• To arrive in Shanghai was to arrive in drab land. Tony wanted to take the train back to Wuxi but it wasn't to be as it would have been too expensive. We took a bus back to Wuxi which was depressing because immediately the locals seemed less interesting and more uncivilized. At the taxi station in the Wuxi Bus station, we stood in line with a lot of locals who looked like they had just taken buses from the countryside. I thought of a comparison that could be made between that line and a line in Disneyland.

Thursday [February 13]
[School Laptop]
[Note: I will talk about what I did on the 13th in my entry for the 14th. I will instead record some of my overall impression of Hong Kong.]
  • HK people, like the English, drive on the wrong side of the road. It was my first time to be in a place where the cars are right-hand drive and thus are driven on the left side of the street.
  • The traffic in HK is fast. I wasn't once cut off by a car or bus as I crossed the street, and I didn't seen anyone else cut off either.
  • There were lots of double-decker buses.
  • Students were already attending school unlike the mainland where they had a week yet of holiday.
  • HK is a level or two up on the mainland for modernization or civilization. However, there were seedy aspects to it. There were lots of people standing about with the empty-gazing look of drug addicts.
  • HK is very multicultural I saw a mosque there which on an electronic board with lit-up type I read a sign that said “There is only one God and Allah is his prophet.” I saw lots of people with different hues of skin that I hadn't seen in Wuxi or Shanghai.
  • I didn't see any KFCs.
  • I saw Watson's which can be found in Wuxi. I also saw Manning's which was its competitor. No Manning's in Wuxi.
  • The subway system is quite good. I was surprised that you could transfer to another line by crossing the platform. I had expected that I would have to walk up and down some stairs, and then through tunnels to transfer.
  • I saw containers piled ten high in places.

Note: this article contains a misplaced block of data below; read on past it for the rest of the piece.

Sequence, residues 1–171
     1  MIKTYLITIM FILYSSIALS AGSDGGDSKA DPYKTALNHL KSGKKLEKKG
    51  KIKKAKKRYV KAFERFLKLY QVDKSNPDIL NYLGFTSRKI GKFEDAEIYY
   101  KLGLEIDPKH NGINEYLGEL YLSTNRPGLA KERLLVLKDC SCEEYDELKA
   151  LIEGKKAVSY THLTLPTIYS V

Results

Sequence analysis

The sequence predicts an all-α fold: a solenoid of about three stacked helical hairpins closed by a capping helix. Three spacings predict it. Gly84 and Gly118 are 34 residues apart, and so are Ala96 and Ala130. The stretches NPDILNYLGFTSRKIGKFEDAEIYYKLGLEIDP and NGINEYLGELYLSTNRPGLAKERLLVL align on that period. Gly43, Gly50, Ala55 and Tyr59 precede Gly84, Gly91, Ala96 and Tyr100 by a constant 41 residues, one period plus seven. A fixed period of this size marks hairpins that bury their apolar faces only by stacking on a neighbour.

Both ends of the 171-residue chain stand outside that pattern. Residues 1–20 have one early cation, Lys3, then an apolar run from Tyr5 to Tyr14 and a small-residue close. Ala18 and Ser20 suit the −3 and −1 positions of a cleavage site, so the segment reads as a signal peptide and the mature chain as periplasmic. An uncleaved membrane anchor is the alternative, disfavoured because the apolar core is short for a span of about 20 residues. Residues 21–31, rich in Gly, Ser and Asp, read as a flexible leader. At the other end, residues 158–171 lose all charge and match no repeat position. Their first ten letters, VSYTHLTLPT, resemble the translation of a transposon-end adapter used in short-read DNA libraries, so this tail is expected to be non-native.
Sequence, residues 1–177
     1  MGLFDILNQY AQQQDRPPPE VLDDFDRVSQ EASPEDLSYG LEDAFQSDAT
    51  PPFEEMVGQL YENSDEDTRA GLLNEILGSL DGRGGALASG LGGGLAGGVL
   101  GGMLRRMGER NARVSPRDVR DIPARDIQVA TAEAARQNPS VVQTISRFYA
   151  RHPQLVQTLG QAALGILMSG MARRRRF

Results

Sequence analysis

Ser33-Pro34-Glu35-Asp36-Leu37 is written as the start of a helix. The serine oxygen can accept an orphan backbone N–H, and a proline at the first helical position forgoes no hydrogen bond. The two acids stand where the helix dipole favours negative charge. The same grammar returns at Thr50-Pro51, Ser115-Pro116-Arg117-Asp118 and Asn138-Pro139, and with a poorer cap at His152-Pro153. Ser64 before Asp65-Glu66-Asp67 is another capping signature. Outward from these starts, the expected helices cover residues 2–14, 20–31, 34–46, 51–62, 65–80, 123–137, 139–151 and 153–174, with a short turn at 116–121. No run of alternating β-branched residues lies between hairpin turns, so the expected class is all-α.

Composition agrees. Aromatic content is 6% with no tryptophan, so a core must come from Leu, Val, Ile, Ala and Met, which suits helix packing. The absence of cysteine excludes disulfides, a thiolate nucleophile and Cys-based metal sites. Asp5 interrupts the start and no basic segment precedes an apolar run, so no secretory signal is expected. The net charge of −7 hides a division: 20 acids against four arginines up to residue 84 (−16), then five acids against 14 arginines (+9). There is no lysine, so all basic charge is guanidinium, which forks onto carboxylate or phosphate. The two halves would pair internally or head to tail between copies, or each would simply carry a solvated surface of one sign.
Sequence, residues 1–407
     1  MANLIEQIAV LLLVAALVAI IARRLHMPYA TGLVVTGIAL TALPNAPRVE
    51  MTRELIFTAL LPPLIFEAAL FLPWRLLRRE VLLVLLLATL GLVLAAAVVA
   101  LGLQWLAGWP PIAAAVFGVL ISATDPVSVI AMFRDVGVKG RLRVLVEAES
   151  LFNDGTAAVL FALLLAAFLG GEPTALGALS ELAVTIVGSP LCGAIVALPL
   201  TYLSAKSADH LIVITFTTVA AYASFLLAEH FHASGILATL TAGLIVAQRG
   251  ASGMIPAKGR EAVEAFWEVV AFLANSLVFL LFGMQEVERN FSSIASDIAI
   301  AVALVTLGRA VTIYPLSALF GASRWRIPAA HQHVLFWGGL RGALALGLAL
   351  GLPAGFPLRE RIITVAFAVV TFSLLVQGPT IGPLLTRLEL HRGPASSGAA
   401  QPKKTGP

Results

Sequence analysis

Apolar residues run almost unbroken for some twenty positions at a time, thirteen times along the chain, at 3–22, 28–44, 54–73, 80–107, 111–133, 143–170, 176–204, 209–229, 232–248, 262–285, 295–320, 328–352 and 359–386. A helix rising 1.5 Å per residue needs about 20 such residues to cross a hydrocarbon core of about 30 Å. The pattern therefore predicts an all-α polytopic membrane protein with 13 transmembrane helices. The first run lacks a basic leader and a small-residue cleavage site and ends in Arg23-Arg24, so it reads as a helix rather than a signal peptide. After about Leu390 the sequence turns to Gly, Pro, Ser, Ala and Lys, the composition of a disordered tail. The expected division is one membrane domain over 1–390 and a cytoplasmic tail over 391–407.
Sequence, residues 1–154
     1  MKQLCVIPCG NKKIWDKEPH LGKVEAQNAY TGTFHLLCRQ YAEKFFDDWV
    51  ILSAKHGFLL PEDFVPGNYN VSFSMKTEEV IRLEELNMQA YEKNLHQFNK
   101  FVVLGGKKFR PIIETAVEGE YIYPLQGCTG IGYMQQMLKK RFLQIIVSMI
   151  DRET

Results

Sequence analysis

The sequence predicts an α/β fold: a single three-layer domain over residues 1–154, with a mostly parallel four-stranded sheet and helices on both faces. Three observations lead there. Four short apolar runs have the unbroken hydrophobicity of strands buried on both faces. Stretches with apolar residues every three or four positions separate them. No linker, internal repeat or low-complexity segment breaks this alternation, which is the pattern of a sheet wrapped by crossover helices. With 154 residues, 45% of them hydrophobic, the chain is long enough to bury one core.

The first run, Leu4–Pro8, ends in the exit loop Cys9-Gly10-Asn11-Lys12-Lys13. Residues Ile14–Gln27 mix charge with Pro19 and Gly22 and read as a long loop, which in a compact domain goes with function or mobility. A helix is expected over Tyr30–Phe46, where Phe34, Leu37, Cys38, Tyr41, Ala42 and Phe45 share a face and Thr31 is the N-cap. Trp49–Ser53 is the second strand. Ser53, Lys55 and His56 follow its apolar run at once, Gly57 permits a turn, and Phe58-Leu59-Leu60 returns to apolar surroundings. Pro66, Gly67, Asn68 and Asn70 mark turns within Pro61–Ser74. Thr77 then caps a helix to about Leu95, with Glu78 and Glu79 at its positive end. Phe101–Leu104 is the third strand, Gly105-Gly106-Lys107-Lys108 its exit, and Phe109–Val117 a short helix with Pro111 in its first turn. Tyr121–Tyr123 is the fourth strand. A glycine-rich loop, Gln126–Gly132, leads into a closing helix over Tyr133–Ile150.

• I saw little evidence of the fact that HK was part of the PRC. I didn't see the five starred red flag anywhere.
  • The coins were indistinguishable to me.
  • Tony behaved at times well and at other times terribly. He was constantly whining about wanting me to buy him toys. He didn't want to take the star ferry. But then at the Bruce Lee statue he hammed it up and I was able to take some great photos of him. I was able to find a photo of me at a statue in Holland that compared quite remarkably with Tony at the Avenue of Stars.
  • Not having a mobile phone can be a pain in the ass if you are with your wife and child. To be separated from them can be scary. In a big store at HKD, I couldn't find them for two minutes. With a mobile in hand, I would have phoned them.

Friday [February 14]
[School Laptop]
  • Back to work. I work 9:00 to 17:00 which isn't a normal working shift for me. It is a special day on the Chinese calender.
  • Yesterday, I spent at home recovering from the holiday slash vacation. I did get up early to deal with the electrical cord problem I had with my Apple TV unit (which I had purchased in Hong Kong). I looked for, but didn't find any adaptors or converters at Wanda or Tesco. Coming back, I was depressed at the prospect of how I was going to solve the problem. Where was I going to find the needed cord? I also worried that the unit would not work on the television at HK which was old, and not HD. It turned out that I already had a power cord, that came with my Nikon Coolpix camera, that I could use. How the thought came to me about the cord was a miracle.